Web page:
The supply of personal anecdote and quotation reveals Thomas’s participation in this promotional venture, and its message suggests his direct support. Dark comments on the inadequacy of jury procedures witness his disappointment at previous exhibition verdicts on the arithmometer. Significantly, the only other machines to be given appreciative mention are the three which had already defeated the arithmometer. But each is quickly dispatched. Roth’s machine, although a practical device, is merely for addition. The arithmaurel rests on Thomas’s prior innovation of the stepped cylinder mechanism and is in any case both mechanically delicate and prohibitively expensive, qualities which apply likewise to the Staffel machine. Of these three, only the arithmaurel would stand as rival to the arithmometer at the forthcoming exhibi- [page 16:] tion, and Thomas had hit on a strategy to outflank this competitor.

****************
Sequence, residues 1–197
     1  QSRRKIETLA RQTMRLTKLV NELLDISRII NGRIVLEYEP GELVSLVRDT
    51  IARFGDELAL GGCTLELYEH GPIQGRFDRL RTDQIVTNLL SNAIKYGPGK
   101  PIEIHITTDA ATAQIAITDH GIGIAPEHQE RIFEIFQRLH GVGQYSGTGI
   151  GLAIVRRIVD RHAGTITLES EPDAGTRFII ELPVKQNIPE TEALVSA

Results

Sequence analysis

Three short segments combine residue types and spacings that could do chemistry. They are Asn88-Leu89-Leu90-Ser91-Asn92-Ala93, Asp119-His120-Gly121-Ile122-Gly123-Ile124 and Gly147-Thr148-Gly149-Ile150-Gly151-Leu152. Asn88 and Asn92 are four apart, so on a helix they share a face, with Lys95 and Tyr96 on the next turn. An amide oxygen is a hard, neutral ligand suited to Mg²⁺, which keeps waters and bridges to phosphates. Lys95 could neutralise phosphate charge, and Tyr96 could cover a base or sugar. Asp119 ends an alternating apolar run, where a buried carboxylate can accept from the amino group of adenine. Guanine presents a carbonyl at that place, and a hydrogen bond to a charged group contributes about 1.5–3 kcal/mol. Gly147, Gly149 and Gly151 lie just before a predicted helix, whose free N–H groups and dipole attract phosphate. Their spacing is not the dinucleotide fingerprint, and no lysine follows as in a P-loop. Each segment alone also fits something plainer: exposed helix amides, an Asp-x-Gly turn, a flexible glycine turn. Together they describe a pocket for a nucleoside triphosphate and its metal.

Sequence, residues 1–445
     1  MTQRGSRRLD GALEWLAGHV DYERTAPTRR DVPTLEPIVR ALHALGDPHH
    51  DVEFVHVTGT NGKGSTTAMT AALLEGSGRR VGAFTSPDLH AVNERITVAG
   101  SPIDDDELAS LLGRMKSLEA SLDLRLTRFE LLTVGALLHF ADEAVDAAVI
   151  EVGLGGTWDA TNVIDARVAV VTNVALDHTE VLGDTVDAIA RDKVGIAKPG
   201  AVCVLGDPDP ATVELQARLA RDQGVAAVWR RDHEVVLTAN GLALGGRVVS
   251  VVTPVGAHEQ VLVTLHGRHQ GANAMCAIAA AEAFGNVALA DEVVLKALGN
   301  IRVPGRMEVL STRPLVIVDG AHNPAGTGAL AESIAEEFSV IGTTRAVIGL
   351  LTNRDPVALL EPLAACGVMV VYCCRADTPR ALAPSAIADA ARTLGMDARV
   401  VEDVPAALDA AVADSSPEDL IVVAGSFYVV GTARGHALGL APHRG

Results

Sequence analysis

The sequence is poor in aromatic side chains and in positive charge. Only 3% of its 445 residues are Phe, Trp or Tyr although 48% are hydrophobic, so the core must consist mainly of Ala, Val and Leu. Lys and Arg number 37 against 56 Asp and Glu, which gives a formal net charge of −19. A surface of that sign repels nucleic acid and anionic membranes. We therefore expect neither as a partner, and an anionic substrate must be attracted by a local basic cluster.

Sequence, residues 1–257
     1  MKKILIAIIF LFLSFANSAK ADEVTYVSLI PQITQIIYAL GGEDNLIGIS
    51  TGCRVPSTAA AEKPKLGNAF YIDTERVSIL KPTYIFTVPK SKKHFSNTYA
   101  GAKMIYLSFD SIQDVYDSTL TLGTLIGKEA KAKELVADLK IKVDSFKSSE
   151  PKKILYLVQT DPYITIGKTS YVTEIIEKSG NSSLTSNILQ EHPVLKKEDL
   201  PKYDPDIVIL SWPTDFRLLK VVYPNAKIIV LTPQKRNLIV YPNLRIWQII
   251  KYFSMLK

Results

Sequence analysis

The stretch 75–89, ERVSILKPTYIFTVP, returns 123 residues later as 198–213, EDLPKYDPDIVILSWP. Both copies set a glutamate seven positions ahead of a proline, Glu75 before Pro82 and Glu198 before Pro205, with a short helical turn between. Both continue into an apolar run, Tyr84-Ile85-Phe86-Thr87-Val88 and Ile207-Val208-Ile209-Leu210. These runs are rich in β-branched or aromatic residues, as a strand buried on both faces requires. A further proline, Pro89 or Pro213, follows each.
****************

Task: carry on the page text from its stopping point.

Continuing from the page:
Moigno had reported on the difficulties facing Maurel and Jayet in building an arithmaurel with a results capacity of 8 figures. Thomas faced no such problems. In the previous four years he had seen the completion of more than 200 10-figure and 50 16-figure machines.30 To drive home this advantage of capacity Thomas created a giant machine especially for the exhibition. Some 6 feet long, equipped with 15 setting sliders and 30 result dials, and encased in fine cabinetwork the result was evidently meant to capture more than technical interest (fig. 9).31